Why I’m Against Proportional Representation (Nesbiyé) in Lebanon’s 2013 Elections

One of the main debates going on in the country currently is regarding the 2013 electoral law, mainly whether to include proportional representation in it or not.

Politicians’ views are already diverging on the matter and they break down to the following:

– Walid Jumblat: Against. He wouldn’t be totally dominant over the Druze vote and would lose a decent amount of his influence.

– Saad Hariri: Against. While he’s not as affected by this representation-wise as Jumblat, his stance has varied from being supportive of proportional representation to against it solely because he wants to bring Jumblat to his side for the elections.

– Hezbollah: With. They get about 90% of the Shiite votes in elections, which is where they have candidates. 90% in the proportional representation law would give them all the seats with very minimal effect. It’s a win-win situation for them so why not demand Lebanon as one district with proportional representation to have bigger gains across the map?

– Michel Aoun: With. Why wouldn’t he approve of something that would make him benefit from all the votes of the party mentioned above?

– Samir Geagea: No idea. He has made arguments than can go both ways so his stance regarding this matter hasn’t been fully formulated yet.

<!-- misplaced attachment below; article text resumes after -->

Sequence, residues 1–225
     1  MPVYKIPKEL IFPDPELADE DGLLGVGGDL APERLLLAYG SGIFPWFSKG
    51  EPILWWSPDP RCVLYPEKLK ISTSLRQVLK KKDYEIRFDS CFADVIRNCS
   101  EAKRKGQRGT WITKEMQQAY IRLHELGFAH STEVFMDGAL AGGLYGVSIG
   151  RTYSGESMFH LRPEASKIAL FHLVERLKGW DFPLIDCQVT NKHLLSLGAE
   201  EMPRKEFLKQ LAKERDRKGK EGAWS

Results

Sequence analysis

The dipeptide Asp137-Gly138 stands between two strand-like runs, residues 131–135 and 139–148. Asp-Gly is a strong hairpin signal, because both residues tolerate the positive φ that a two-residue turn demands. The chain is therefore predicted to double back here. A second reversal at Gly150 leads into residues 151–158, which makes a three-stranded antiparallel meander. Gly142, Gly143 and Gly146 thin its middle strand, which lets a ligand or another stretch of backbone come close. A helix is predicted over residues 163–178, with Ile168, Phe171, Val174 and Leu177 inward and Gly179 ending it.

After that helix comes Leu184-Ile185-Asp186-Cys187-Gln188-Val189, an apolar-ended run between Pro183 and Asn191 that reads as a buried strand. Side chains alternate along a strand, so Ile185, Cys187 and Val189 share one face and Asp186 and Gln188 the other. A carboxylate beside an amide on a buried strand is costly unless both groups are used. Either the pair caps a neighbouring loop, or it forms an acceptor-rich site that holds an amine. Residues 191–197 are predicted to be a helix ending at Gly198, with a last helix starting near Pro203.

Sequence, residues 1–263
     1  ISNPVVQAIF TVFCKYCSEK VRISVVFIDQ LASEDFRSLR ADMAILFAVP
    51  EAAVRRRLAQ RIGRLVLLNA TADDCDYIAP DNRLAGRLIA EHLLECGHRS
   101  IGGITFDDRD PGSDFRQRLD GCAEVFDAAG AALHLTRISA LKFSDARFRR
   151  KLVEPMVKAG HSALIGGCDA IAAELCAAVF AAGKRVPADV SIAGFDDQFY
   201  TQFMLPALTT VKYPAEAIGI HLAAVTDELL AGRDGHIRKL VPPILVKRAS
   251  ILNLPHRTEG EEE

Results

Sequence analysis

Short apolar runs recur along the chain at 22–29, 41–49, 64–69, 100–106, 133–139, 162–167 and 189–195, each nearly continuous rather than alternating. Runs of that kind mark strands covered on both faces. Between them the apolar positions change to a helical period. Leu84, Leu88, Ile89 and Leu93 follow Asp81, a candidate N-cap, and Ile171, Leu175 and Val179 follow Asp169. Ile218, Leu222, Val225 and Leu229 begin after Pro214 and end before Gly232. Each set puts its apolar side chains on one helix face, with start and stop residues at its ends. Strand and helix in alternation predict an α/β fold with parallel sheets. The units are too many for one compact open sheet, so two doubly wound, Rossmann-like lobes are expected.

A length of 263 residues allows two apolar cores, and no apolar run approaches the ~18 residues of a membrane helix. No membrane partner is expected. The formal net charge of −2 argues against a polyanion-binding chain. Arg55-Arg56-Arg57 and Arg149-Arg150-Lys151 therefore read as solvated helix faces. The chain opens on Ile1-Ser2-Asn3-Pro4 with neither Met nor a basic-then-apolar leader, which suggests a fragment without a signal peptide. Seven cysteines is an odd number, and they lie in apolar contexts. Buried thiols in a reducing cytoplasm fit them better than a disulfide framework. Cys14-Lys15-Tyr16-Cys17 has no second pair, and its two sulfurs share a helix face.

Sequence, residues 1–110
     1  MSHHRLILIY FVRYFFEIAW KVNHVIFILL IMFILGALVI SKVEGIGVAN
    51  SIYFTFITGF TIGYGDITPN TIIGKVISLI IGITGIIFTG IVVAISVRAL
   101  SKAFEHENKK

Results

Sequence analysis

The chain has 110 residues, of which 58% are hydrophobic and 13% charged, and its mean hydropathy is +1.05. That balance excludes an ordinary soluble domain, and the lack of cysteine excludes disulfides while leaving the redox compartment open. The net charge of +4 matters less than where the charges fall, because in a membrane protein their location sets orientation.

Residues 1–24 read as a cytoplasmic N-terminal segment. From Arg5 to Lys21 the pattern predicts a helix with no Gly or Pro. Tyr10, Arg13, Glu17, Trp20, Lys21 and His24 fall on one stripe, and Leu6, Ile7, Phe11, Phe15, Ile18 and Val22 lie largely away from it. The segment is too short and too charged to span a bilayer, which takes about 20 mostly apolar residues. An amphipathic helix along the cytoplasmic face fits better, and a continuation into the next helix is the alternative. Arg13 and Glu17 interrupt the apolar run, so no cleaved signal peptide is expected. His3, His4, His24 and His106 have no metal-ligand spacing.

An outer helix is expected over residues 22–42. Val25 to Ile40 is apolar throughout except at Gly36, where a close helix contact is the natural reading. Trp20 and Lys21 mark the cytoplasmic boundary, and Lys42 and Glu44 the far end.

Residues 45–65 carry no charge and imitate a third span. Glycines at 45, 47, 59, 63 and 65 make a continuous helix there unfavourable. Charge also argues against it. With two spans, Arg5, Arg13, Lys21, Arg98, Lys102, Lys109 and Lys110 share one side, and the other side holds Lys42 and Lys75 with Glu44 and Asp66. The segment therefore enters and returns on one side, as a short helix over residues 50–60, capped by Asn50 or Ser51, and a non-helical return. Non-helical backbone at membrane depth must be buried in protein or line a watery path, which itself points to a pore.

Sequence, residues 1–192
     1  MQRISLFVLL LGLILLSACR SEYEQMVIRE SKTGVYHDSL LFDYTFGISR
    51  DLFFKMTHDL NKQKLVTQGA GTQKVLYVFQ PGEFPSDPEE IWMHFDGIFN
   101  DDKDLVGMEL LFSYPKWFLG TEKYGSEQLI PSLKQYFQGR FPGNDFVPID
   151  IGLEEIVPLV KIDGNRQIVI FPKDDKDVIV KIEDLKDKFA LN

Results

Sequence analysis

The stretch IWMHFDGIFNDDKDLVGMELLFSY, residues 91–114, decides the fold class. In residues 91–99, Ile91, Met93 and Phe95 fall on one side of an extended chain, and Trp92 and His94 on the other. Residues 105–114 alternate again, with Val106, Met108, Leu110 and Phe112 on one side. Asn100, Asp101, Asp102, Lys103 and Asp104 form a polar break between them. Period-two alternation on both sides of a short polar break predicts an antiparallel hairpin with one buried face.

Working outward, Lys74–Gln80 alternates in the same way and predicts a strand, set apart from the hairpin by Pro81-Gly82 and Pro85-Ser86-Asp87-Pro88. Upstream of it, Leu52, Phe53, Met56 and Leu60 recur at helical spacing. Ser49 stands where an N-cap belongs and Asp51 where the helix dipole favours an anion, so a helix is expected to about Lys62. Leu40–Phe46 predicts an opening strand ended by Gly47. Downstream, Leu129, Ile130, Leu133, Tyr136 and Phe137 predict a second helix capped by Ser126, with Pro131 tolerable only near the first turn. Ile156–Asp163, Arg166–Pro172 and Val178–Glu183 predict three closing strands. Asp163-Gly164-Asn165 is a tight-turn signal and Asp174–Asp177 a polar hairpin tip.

One of my main problems with proportional representation is that it is thought of as the cure to our system when it is far from being the case. Many believe that applying “nesbiyé” in the 2013 elections will start decreasing sectarianism by having different people from certain sects getting representation.

In order to do that, the electoral districts being thought of are getting increasingly bigger. Some are even suggesting to make Lebanon one whole electoral district. The argument? This is the only political elections where the population gets to vote so why not get the whole country to vote for everyone?

The way I see it an MP is a representative of their corresponding region first and foremost. Increasing electoral districts to make “nesbiyé” work will not lead to better representation. Or is it “representation” only when certain parties that wouldn’t dream of a parliament seat get one even if they don’t represent the woes of a region? Does a citizen from Beirut know what are my concerns as a citizen from Batroun? I don’t think so. Do I know what are the concerns of my friend in the South? Absolutely not.

What gives me the right to choose their MP and them mine? The sake of national unity? Please.

And for those who believe districts should be medium-sized, say according to the mohafaza – what do people in Batroun know about what a caza like Koura needs? What do people in Zgharta know about the demands of people in Bsharre?

When during parliamentary sessions an MP talks about his district as his main focus, you know this is what they represent not the whole country as we so gullibly want to believe. And it is definitely their right. The whole idea that we, as a country, need everyone to vote for everyone in order to reach unity is non-sensical. You don’t see it happening anywhere else in the world that a country votes for all the MPs its parliament has.